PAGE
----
school reform proposals in the first half of the 1980s brought hope that at least the country would wake up to the need for serious improvement in our public schools. at the same time, there was skepticism (怀疑态度) as to whether the reform would last long enough to bring about real change—a fear that the enthusiasm would fade, leaving the schools much the same as before. we can say two things about this skepticism: the reform movement has had more staying power than many had hoped for, and the worry still persists—how much has really changed, and will there be enough enthusiasm to carry the movement into the 1990s?
the pessimist would have to say that this cannot go on forever—people will surely tire of this constant clamor for school reform that seems to produce disappointing results and turn their attention elsewhere. a more optimistic view could look at several factors which, though less visible than the continued failure in so many schools, nevertheless might cause reform not only to continue but to increase in the nineties.
the most important basis for optimism is that the political force that has been driving educational reform in the eighties is still as strong as ever—they fear that continued educational failure will lead to economic decline and a lowered standard of living. reform movements of the past have been based either on educational ideas that did not necessarily have widespread support or on national "emergencies" whose urgency faded within a few years.
it's true that the connection of these economic fears to education would not necessarily have to last. if experts came along with other explanations and ways for improvement of american economic position, the interest in education might indeed decrease. on the contrary, however, more and more people are seeing that our failure to prepare our young people for productive and responsible adulthood has terrible economic as well as social consequences and that "investing in our youth" has to be an important component of america's success in the world economy of the future.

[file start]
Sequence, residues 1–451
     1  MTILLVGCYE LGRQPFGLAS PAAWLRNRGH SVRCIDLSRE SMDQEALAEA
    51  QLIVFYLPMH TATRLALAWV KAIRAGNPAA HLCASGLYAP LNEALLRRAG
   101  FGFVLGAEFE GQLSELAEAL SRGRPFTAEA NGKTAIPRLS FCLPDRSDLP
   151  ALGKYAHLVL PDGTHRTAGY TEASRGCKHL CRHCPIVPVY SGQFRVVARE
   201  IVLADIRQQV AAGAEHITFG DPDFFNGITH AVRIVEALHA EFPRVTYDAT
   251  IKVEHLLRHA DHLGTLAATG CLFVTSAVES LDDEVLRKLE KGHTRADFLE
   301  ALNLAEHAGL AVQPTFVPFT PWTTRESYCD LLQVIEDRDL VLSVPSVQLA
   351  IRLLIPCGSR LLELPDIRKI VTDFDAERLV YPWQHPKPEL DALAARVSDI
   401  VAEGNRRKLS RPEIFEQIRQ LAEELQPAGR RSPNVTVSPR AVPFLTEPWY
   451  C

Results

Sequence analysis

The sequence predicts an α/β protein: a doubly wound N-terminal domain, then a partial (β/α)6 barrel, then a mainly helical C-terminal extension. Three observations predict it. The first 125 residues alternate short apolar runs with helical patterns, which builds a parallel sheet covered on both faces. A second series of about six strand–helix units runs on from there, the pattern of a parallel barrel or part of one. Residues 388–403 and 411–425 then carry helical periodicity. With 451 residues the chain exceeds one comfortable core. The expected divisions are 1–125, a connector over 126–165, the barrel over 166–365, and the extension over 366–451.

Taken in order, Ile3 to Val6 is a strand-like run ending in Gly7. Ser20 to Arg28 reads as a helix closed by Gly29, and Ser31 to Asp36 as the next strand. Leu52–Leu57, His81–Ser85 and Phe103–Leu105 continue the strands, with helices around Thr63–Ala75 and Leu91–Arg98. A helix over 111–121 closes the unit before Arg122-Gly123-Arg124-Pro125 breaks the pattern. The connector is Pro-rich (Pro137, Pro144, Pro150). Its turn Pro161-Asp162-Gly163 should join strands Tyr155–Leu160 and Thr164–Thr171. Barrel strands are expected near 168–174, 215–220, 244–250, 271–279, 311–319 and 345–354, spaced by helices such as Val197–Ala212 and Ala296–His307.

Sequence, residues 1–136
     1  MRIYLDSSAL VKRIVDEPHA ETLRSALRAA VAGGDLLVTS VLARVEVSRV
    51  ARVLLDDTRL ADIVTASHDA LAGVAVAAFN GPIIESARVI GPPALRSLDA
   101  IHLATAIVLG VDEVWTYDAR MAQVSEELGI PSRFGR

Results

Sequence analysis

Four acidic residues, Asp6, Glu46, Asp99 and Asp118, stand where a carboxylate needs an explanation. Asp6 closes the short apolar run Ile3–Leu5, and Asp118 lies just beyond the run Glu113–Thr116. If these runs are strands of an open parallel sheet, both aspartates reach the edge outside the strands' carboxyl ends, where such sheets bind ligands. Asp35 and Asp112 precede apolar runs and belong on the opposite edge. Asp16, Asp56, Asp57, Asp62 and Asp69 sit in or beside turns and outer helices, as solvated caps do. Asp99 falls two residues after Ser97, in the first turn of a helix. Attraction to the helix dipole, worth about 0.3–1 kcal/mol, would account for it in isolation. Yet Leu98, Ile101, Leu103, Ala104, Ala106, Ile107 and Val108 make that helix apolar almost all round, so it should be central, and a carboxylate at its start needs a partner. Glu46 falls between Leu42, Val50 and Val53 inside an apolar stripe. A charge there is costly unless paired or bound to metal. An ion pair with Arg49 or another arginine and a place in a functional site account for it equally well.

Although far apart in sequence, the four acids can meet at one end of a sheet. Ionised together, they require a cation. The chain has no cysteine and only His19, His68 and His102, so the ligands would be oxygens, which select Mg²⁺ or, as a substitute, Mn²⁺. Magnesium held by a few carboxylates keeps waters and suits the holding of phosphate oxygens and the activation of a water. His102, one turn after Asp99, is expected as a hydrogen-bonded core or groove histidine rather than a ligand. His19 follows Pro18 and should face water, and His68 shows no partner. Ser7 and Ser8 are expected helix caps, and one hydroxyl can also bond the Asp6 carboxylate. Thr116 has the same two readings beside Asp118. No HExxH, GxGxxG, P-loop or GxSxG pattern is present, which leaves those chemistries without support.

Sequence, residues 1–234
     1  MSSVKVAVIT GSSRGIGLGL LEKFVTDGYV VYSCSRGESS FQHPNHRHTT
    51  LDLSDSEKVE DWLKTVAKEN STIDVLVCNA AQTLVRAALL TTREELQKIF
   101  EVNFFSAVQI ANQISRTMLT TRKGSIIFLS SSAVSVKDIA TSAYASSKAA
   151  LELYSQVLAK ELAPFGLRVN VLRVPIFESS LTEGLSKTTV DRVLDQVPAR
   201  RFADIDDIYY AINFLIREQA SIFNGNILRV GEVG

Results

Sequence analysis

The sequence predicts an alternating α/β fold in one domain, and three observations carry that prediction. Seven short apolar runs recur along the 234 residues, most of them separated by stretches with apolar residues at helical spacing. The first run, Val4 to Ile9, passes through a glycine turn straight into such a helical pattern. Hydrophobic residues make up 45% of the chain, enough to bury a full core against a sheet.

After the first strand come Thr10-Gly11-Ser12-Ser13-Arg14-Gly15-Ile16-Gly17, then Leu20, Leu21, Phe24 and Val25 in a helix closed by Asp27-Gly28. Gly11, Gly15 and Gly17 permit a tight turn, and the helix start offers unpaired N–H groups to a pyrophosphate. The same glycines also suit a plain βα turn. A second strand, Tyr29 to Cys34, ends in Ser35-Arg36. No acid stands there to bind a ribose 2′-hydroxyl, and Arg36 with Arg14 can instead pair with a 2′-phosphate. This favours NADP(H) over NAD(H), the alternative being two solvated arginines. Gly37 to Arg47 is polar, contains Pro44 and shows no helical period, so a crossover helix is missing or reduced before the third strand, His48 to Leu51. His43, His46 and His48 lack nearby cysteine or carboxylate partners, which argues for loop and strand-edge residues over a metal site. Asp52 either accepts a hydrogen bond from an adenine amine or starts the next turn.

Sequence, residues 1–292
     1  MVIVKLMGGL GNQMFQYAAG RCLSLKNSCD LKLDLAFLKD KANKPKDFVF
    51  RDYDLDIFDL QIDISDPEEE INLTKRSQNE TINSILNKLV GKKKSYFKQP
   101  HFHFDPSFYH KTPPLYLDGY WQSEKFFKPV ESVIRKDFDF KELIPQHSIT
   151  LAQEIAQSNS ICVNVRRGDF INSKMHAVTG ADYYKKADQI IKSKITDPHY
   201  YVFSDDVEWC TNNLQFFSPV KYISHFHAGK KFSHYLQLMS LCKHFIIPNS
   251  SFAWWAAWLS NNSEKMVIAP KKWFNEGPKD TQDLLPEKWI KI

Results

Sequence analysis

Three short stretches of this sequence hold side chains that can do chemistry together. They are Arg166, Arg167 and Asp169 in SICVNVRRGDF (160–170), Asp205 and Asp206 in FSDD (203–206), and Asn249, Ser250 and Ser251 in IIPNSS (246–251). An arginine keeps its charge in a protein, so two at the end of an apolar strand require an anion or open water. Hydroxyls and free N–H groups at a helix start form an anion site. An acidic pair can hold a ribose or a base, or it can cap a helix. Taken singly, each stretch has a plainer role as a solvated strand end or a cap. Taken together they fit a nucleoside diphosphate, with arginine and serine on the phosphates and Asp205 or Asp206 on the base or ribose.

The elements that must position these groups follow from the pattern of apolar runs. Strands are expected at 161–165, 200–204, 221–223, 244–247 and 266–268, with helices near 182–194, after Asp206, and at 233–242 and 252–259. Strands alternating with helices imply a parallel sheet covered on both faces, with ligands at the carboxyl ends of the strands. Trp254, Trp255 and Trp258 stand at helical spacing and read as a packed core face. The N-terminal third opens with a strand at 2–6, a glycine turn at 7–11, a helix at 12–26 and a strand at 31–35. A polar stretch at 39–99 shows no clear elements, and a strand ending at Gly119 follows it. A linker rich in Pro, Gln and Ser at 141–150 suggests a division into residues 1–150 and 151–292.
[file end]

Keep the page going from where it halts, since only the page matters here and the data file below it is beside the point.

26. according to the author, the reform efforts of the eighties_______.
a. will be carried into 1990s
b. at least have brought the nation to the knowledge of the necessity of school reforms
c. have brought about real changes in education
d. were not encouraged by government
27. "staying power "(in line 8) refers to_______.
a. power that will reduce the level of education
b. power that will prevent reform
c. power that will lead to success
d. power that fails to cause changes
28. viewed in the light of pessimists, school reform cannot go on forever probably because
a. "words are more than actions"
b. reform movement might produce disappointing results
c. school reform could turn people's attention elsewhere
d. all of these
29. why has the political force been driving educational reform in the eighties?
a. the government wanted to continue the school reform into the 1900s.
b. there was continued failure in so many schools.
c. many pessimists were uncertain whether the school reform could last long.
d. continued educational failure might lead to economic decline and a lowered standard of living.
30. one of the reasons of failure in school reforms might be that_______.
a. economy is declining
b. experts did not come along with ways for improvement
c. the educational ideas have not been widely accepted in the whole country
d. america succeeded in the world economy